I've been working in the IT since 20 years and I have always use unix, first at the university and then at work. I am a basic user, I know the commands, how to write shells, etc, but I never had to install, configure etc. Since a few weeks I've decided to put Linux on my home computer and get rid of windows and I am now dealing with all the installations and configurating issues. In french we say "petit ą petit l'oiseau fait son nid" which means literally "little by little, the bird makes its nest", that what's what it is happening to me right now.

Let's get to the point : a friend of mine suggested I should install Slackware 14.0 32 bits. he told me since I have only 1 Gb RAM I shouldn't put a 64 bits OS.

But still, since the sticker on my labtop says : "AMD Turion 64 X 2" which means I guess that I have a double core 64bits processor, I am really wondering :

should I install the 64 bits OS ?
Personally I use both x86_32 & x86_64 on similar hardware. I do not use multilib on older 64 machines. You could do a install for 32 & 64 on the machine or use 64 with multilib. I keep my installs vanilla except when I need a special bench setup.

Look at Slackware Doc Project & for Configure your new Slackware System to aid you.

Hope this helps!
 
Old 05-01-2013, 10:29 AM   #8
chrisretusn
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If it was me... I'd install Slackware64 simply because it's a 64-bit capable machine. The machine I typing on right now is an "Intel Centrino Dual Core" with Slackware64-current. I do have a bit more memory that 1GB though, 3GB. That said, I'd still install Slackware64, even with only 1GB.

Last edited by chrisretusn; 05-01-2013 at 10:31 AM.
 
Old 05-01-2013, 11:00 AM   #9
H_TeXMeX_H
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I think you can safely install slackware64, and if you need 32-bit software, just use multilib. It's true that installing slackware32 will probably be less of a hassle. It's your choice. Overall I think there will be a performance benefit if you use 64-bit.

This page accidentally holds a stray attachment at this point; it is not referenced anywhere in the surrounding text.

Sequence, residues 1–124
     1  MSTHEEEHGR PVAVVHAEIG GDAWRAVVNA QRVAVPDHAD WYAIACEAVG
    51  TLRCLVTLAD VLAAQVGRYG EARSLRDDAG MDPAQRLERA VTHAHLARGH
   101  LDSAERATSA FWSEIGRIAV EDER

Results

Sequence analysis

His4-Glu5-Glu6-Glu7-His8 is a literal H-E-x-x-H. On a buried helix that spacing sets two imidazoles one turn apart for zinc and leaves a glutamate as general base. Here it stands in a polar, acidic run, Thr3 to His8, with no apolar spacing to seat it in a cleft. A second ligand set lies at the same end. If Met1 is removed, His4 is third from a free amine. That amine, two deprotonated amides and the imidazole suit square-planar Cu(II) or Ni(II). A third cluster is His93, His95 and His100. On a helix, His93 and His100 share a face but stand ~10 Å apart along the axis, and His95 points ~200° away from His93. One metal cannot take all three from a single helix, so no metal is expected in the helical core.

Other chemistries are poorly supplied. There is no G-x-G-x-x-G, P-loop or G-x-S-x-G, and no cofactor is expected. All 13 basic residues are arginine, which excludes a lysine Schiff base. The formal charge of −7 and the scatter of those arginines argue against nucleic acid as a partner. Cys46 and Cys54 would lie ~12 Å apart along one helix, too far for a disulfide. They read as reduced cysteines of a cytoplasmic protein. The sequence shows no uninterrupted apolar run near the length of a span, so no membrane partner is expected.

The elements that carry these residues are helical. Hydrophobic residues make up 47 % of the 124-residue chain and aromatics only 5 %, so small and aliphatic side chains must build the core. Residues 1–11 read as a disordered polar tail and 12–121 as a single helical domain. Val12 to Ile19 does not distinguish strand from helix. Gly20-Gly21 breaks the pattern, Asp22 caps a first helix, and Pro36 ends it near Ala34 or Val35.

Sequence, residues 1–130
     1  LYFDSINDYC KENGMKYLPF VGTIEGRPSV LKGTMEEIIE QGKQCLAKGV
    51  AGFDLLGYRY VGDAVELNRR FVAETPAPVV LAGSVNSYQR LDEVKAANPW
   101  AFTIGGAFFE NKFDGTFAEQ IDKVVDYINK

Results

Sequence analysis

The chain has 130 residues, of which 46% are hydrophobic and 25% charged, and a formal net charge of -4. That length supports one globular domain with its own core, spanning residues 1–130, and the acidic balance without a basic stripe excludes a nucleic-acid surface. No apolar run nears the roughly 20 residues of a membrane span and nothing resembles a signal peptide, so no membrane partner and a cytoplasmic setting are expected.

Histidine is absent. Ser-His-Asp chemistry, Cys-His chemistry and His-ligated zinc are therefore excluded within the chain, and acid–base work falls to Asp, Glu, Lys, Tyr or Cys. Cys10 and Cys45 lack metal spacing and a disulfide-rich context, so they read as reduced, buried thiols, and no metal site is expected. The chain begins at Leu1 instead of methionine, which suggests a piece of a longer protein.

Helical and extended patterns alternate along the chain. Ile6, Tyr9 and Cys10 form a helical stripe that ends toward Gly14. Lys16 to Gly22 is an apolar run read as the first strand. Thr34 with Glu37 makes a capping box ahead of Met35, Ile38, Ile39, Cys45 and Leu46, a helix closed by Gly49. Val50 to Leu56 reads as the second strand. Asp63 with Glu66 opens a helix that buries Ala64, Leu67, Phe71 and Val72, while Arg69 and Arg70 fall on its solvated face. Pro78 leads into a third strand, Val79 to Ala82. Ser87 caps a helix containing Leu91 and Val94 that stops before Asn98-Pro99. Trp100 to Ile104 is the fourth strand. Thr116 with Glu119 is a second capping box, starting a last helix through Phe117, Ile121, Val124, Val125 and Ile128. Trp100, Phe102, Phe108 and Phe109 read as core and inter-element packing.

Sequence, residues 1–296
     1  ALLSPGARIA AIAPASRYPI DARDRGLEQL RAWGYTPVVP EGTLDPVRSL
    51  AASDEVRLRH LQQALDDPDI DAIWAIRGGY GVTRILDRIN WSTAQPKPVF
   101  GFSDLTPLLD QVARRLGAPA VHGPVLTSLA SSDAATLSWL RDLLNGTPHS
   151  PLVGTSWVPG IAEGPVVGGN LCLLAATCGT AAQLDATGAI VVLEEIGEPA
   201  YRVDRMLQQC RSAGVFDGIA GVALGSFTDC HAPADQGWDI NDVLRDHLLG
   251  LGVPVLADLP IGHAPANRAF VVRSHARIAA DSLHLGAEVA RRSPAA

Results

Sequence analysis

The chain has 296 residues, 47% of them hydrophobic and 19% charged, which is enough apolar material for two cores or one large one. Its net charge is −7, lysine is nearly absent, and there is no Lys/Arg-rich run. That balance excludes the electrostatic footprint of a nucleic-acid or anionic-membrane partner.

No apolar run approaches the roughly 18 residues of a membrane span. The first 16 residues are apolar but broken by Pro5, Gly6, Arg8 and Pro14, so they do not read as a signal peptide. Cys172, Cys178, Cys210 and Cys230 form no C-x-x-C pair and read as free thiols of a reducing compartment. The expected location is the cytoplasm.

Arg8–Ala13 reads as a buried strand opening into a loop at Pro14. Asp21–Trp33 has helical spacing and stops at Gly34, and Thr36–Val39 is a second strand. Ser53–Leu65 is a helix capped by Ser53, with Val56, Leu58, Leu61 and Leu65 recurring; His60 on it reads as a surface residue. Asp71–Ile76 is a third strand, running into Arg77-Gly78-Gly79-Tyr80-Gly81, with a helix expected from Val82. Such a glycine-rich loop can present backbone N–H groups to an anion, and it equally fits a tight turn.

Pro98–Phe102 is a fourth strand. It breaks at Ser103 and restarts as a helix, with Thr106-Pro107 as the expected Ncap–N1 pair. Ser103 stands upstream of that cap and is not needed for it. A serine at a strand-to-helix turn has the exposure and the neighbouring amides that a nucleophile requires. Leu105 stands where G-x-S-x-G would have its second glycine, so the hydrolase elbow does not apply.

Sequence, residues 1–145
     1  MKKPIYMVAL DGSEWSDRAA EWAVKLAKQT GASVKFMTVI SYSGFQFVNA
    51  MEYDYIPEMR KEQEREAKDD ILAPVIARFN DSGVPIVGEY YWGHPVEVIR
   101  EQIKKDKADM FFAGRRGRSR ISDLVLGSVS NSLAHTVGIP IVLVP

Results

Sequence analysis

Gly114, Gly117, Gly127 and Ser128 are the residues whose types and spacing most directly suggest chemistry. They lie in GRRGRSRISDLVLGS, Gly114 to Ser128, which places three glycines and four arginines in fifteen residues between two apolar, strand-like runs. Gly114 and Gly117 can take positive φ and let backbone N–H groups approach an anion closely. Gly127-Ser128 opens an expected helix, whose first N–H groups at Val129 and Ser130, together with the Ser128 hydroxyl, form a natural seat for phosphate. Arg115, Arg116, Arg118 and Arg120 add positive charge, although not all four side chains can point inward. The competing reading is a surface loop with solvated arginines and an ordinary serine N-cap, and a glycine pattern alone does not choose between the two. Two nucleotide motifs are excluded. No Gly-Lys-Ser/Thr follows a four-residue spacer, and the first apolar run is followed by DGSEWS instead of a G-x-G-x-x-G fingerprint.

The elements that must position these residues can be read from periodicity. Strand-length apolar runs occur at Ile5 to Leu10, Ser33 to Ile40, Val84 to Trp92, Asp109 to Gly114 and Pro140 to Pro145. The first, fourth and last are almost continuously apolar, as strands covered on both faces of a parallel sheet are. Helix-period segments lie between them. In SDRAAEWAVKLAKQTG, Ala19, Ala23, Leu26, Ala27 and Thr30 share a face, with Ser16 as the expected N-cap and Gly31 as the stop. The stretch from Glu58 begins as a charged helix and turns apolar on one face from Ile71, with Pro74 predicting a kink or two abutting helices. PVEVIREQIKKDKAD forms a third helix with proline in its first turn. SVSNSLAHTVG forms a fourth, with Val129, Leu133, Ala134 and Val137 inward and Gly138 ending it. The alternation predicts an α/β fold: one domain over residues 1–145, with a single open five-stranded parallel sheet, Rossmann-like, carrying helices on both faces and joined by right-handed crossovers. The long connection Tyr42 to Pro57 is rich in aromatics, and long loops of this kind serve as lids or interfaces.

Old 05-01-2013, 03:55 PM   #10
narz
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Quote:
Originally Posted by 273 View Post
Are you sure? I was under the impression it was about 3.8GB?
I think maybe only the kernel itself addresses 896 MB but I don't even get how that's how relevant to userland operation.

Last edited by narz; 05-01-2013 at 04:00 PM.
 
Old 05-01-2013, 09:22 PM   #11
storkus
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Having this exact same processor myself (in my el-cheapo Wal-Mart post-Christmas Acer laptop special from 4 years ago or so), I think I can add a bit here: being AMD, it is 64 bit native with 32 bit emulation (in microcode?) so for basic tasks you won't see much of a difference. You WILL see a small, but noticable difference in high end tasks like games, booting up, and so on: I personally notice the biggest difference with my NVIDIA IGP, which definitely seems to prefer being fed natively 64 bit (bigger registers?).

Also remember that with Slackware, you can go multi-library with Eric's (Alien Bob) multi-lib packages; I leave it to you to determine if it's worth the effort.

The catch with going 64 bit is some native 32 bit apps (especially Wine) and code that is physically larger, thus needing more memory and possibly resulting in more cache misses (AMD desktop/mobile procs have tiny caches). My machine came with 2GB of RAM and I have never needed to expand it (only the GIMP has ever maxxed it out). In use it usually hangs out around 500-600 MB, but then again I'm running Xfce, not KDE. YMMV.

My advice: if you've been using it and not maxxing out your RAM, then why invest another penny? If you are hitting it, you need to decide if upgrading the RAM is more worthwhile than buying a new machine. Remember that the Turion X2 is around 5 years old now, and while ok for office stuff and light graphics, is not sufficient for major gaming (although this is more determined by your GPU, which is probably an IGP if you have this processor); it's also not terribly power efficient.

One last thing if you are thinking about new hardware: work is ongoing to get Armed Slack aka Slackware-ARM to work on the ARM Chromebook--for non-gaming stuff this could be huge with amazing battery life that can't be had on the PC (WIntel) architecture. See here:http://alien.slackbook.org/blog/armport